Modulation of contact sensitivity responses by bacterial superantigen

J. Saloga, A. H. Enk, D. Becker, M. Mohamadzadeh, S. Spieles, I. Bellinghausen, D. Y.M. Leung, E. W. Gelfand, J. Knop

Research output: Contribution to journalArticlepeer-review

11 Scopus citations


Superantigens are potent modulators of the immune system, especially T cells. Therefore, we determined the influence of superantigens on the T-cell-mediated immune response, contact sensitivity. We chose the combination of staphylococcal enterotoxin B (SEB) as superantigen and 2,4-dinitrofluorbenzene (DNFB) as the contact sensitizer, because in BALB/c mice SEB reacts almost exclusively with Vβ8+ T cells, and these cells are capable of transferring contact sensitivity to DNFB from sensitized donors to naive syngeneic recipients. Pretreatment with a single intradermal injection of 50 ng SEB 24 h before DNFB exposure at the same site on the lower abdomen enhanced the induction of contact sensitivity: its intradermal injection permitted sensitization with non-sensitizing concentrations of DNFB as assessed by ear swelling responses after challenge with DNFB. In contrast, pretreatment with repeated intradermal injections of 50 ng SEB every other day over at least 1 week inhibited the induction of contact sensitivity following sensitization. The enhancing effect of SEB may be explained by the creation of a proinflammatory milieu in the skin after a single intradermal injection of the bacterial toxin, whereas the inhibitory effect may be due to tolerization of Vβ8+ T cells. The data indicate that products of skin-colonizing bacteria that can serve as superantigens are able to augment or inhibit the development of contact sensitivity.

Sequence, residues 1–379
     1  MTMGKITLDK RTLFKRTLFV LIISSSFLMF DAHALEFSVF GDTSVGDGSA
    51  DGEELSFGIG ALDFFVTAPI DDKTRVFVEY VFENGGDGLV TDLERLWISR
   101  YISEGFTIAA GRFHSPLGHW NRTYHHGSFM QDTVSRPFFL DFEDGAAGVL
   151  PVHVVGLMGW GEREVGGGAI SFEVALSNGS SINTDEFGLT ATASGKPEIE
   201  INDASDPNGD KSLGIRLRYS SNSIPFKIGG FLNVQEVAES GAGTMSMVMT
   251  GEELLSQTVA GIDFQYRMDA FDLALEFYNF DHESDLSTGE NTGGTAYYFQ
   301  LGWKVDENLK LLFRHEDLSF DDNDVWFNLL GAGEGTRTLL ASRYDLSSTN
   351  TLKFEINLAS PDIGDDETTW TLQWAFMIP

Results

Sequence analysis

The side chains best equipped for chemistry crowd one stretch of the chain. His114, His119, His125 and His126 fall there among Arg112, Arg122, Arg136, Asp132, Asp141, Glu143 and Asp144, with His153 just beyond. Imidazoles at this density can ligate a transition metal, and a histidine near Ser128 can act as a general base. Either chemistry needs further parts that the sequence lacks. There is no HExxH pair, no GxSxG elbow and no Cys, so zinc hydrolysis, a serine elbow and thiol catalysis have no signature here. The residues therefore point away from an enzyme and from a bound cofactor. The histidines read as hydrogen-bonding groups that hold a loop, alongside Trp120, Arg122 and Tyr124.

Original languageEnglish (US)
Pages (from-to)220-224
Number of pages5
JournalJournal of Investigative Dermatology
Issue number2
StatePublished - 1995
Externally publishedYes


  • 2,4-dinitrofluorbenzene
  • Contact sensitivity
  • Staphylococcal enterotoxin B
  • Superantigen

ASJC Scopus subject areas

  • Biochemistry
  • Molecular Biology
  • Dermatology
  • Cell Biology


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